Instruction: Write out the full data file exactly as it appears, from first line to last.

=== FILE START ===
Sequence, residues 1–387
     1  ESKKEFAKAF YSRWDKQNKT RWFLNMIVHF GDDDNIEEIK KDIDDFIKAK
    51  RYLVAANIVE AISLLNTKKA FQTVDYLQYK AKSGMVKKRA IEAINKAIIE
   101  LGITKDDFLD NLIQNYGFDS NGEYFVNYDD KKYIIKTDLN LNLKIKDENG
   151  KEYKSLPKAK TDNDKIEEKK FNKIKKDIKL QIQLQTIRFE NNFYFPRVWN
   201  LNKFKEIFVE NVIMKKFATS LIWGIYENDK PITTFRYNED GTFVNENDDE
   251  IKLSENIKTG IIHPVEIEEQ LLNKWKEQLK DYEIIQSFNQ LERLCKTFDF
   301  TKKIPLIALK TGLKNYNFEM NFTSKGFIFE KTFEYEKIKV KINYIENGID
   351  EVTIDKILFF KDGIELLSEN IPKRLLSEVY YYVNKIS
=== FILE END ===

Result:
Sequence, residues 1–387
     1  ESKKEFAKAF YSRWDKQNKT RWFLNMIVHF GDDDNIEEIK KDIDDFIKAK
    51  RYLVAANIVE AISLLNTKKA FQTVDYLQYK AKSGMVKKRA IEAINKAIIE
   101  LGITKDDFLD NLIQNYGFDS NGEYFVNYDD KKYIIKTDLN LNLKIKDENG
   151  KEYKSLPKAK TDNDKIEEKK FNKIKKDIKL QIQLQTIRFE NNFYFPRVWN
   201  LNKFKEIFVE NVIMKKFATS LIWGIYENDK PITTFRYNED GTFVNENDDE
   251  IKLSENIKTG IIHPVEIEEQ LLNKWKEQLK DYEIIQSFNQ LERLCKTFDF
   301  TKKIPLIALK TGLKNYNFEM NFTSKGFIFE KTFEYEKIKV KINYIENGID
   351  EVTIDKILFF KDGIELLSEN IPKRLLSEVY YYVNKIS